Camy Tang’s spunky heroine Tessa Lancaster is a woman with a shady past and a heart for God.
Camy calls her new Protection for Hire series a “Japanese version of The Sopranos,” with Tessa’s Japanese mafia ties and martial arts training adding a unique angle to the storyline. Readers will also delight in more of the crazy family dynamics for which Tang’s fiction is known.
“I couldn’t write a story without the characters’ families somehow getting involved in the action,” she says. “Family is very important to me.”
Fourth generation Japanese-American Camy Tang grew up in Hawaii as the daughter of bibliophile parents. “My favorite memories were going into the bookstore at the mall with them,” Tang says. “I’d be allowed to choose one book.”
Her favorites were the Little House series and, later, Anne McCaffrey’s Dragonsong and Dragonsinger. In high school, she discovered Jane Austen and Regency romances.
“I’ve always loved writing,” Camy says, “but my attitude wasn’t the greatest. I was more interested in seeing my name on a book cover than in giving God the glory. So, God asked me to lay it down.”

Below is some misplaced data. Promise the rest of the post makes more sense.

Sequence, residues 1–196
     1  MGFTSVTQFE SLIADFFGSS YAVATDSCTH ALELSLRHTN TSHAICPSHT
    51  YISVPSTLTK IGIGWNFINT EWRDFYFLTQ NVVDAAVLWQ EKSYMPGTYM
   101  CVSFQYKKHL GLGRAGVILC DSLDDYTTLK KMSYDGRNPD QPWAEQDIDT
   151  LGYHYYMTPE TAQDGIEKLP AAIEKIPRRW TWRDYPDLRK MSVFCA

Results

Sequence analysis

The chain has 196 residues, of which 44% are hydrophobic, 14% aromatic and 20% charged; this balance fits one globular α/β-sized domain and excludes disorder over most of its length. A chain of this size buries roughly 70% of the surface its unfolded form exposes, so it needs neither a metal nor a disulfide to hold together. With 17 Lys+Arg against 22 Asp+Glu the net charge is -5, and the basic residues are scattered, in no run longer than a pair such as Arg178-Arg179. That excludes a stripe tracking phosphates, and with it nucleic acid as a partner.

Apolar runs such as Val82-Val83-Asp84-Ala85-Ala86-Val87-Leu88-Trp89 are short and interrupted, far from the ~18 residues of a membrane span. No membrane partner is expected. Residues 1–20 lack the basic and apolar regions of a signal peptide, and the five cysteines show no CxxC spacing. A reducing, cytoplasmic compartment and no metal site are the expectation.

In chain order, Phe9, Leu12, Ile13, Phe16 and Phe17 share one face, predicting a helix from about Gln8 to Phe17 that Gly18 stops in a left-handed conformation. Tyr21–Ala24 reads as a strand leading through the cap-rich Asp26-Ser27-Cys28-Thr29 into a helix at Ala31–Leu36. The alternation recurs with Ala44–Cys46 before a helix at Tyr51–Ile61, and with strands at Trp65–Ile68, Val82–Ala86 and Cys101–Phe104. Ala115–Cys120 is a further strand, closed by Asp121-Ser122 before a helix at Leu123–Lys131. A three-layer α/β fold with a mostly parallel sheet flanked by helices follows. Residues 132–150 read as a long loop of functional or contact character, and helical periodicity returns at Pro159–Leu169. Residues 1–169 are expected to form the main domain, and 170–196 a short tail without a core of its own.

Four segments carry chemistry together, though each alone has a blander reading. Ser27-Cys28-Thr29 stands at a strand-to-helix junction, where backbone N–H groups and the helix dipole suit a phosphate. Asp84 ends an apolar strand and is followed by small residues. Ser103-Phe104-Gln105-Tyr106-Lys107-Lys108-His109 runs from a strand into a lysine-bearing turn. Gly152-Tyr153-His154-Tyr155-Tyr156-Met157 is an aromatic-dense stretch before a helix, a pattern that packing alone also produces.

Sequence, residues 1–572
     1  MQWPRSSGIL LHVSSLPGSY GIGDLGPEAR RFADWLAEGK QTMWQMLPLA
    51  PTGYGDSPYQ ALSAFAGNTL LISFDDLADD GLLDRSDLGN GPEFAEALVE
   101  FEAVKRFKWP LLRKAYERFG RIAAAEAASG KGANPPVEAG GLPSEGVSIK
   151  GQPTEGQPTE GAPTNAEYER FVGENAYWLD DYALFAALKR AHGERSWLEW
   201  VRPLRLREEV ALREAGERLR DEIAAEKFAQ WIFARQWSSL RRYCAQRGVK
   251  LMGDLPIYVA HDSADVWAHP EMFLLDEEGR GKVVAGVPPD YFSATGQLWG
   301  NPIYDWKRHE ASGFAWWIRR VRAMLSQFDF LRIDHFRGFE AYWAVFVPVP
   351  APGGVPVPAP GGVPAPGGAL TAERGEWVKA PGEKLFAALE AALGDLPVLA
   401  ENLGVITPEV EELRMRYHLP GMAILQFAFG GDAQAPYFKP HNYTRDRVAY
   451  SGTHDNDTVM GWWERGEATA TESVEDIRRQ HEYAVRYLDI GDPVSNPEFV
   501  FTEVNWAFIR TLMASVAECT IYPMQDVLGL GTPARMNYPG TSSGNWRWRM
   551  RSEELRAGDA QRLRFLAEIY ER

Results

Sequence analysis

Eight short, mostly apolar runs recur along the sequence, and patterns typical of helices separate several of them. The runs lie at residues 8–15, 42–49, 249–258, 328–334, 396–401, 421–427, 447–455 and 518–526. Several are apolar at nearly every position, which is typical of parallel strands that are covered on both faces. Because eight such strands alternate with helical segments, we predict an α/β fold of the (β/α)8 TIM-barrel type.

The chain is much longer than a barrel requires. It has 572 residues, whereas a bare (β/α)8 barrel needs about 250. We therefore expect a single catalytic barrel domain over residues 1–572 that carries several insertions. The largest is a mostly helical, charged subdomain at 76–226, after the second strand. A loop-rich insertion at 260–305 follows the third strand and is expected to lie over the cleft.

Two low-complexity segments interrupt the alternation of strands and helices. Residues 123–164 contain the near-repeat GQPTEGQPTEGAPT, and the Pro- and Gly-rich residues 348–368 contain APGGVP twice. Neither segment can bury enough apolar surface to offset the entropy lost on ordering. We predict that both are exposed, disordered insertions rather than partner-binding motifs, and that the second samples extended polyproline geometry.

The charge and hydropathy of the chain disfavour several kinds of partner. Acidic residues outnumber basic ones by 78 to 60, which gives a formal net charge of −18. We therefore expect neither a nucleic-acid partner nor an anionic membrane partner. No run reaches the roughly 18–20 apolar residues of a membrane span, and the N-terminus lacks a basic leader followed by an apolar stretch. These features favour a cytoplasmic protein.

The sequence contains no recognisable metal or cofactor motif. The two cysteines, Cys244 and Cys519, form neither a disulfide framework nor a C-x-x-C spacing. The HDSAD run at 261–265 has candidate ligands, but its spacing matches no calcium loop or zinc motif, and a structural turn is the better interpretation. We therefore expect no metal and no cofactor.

She obediently did, but after losing her job as a biology researcher, God allowed her to pick it up again. Even after many rejections and writing five complete manuscripts featuring Asian-American characters, she pressed on.
Her persistence paid off when Sushi for One (Zondervan) released in 2007, followed with two more novels. “I loved writing the Sushi series,” Camy says. “But I found when I was plotting the books, I kept nixing all these dead bodies that would sneak into the storyline! When it came time to start a new series I naturally gravitated toward humorous romantic suspense so I wouldn’t have to waste time editing out the danger and murders.”